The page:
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Women Who Read Are Dangerous (2005)

de Stefan Bollmann

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6291337,417 (3.89)21
"A compendium of more than 70 iconic works of art featuring women who read, from the Virgin Mary to Marilyn Monroe"--
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Mostrando 1-5 de 12 (seguinte | mostrar todas)
I found this book very interesting. In fact, I imagine I may have studied art history had it been taught this way -- thematically about a subject (in this case, women reading as subversive) that intrigued me. I loved examining and thinking about the lovely art works displayed in the book. I wish the book had included Asian or African works as well as Western ones. Would we find parallels or major differences?

Having no background in art or art history, I don't know to what extent the descriptions in the book are generally accepted as accurate or seen as marginal. In either case, they are thought-provoking and I think good art (including books) is art that makes you think. ( )
  LynnB | Apr 13, 2024 |
I read this book because I am a woman reader, and I like the idea that I'm dangerous. In truth, this book proposed some intriguing arguments about how reading for a woman is subversive from the pose to the text itself. The paintings presented in this book challenged the notions of female beauty, propriety, and intelligence, thoroughly engaging me with every page.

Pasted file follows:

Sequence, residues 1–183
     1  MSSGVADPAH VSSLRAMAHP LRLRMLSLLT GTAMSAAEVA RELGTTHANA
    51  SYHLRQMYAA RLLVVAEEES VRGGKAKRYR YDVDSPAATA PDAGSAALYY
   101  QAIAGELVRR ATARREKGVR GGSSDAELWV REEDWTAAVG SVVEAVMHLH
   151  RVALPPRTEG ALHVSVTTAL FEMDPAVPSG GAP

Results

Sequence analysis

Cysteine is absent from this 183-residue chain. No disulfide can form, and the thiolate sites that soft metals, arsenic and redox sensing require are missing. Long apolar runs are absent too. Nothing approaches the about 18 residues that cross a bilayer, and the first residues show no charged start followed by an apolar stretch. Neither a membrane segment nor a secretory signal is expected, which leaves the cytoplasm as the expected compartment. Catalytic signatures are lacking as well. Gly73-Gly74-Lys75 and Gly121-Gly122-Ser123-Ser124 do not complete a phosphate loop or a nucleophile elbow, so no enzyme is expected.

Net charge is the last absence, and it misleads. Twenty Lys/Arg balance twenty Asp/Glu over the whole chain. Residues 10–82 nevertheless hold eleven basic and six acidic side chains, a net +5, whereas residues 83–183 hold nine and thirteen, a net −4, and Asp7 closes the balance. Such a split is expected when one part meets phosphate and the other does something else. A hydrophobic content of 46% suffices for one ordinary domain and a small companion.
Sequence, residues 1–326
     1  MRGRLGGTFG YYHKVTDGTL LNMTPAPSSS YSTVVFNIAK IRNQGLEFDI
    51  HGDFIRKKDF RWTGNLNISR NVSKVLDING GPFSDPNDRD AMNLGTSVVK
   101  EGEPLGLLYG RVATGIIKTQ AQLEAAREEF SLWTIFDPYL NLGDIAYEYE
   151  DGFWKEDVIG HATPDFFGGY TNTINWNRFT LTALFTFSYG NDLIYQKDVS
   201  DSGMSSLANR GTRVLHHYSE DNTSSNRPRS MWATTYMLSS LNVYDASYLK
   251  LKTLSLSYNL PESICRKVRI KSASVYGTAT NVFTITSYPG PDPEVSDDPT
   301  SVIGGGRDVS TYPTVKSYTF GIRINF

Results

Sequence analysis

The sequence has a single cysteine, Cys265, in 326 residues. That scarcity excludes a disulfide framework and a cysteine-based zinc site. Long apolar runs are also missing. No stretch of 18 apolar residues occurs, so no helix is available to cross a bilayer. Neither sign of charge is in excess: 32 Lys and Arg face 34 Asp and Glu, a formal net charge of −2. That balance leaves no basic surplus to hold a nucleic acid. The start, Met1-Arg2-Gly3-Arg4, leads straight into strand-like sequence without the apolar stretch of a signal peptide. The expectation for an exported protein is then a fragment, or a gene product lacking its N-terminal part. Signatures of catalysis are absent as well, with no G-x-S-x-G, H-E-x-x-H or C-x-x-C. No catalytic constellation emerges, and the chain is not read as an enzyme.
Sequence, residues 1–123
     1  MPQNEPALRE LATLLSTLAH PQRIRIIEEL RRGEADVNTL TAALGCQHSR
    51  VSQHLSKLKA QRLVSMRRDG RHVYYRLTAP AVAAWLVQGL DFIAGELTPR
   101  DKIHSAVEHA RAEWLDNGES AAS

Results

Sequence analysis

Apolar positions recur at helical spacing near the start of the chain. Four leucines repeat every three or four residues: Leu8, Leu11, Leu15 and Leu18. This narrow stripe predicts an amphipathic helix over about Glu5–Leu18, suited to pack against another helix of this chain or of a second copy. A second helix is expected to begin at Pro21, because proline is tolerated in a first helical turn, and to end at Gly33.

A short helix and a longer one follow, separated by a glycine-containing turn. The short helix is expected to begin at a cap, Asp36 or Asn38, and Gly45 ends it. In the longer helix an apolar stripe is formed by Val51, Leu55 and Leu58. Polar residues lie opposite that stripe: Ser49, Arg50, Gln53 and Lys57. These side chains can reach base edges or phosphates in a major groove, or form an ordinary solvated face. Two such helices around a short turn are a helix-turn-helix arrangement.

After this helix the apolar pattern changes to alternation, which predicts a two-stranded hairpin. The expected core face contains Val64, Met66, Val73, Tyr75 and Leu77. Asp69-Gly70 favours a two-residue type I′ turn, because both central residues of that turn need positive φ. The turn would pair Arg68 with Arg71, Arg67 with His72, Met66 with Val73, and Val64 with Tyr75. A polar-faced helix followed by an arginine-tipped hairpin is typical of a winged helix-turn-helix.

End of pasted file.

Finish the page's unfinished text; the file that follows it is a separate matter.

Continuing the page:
Sometimes I disagreed with the interpretations made by Bollmann, but rather than detract from the book's message, I argue with it. It's rare that what a book lacks can be just as engaging as what it contains. It's easy to wax philosophical with this book because it forces the reader to examine her own reading habits and compare them to the readers presented in the paintings.

The reason I gave this book four stars instead of five is for a more egregious error. This book is not very large, and there are hundreds of paintings and photographs of women reading. Obviously, not all of them could be listed here. However, I was frustrated with the lack of some key artists. For example, Mary Cassatt is a famous American painter (more famous than some of the other Bohemians included) who was not added to this collection. Furthermore, the collection didn't include any art from East Asia, and I know there are tons of Japanese prints of women reading, which would've been fascinating to analyze. Since this book didn't market itself as a European or Western art book, I was taken aback by the total lack of art from other cultures.

Again, that lack challenges the reader to think of what's missing and why, but this serves as a detriment instead of as a selling point. ( )
  readerbug2 | Nov 16, 2023 |
The title is arresting, but not really born out by the text and images. This is a coffee table book for those whose coffee tables are small. It's nicely printed and bound. The author, Stefon Bollmann, seems knowledgeable and interesting. Most spreads present a full-color image of a woman reading something—a letter, a magazine, a book. Opposite is a squib about the image, or the subject, or the artist.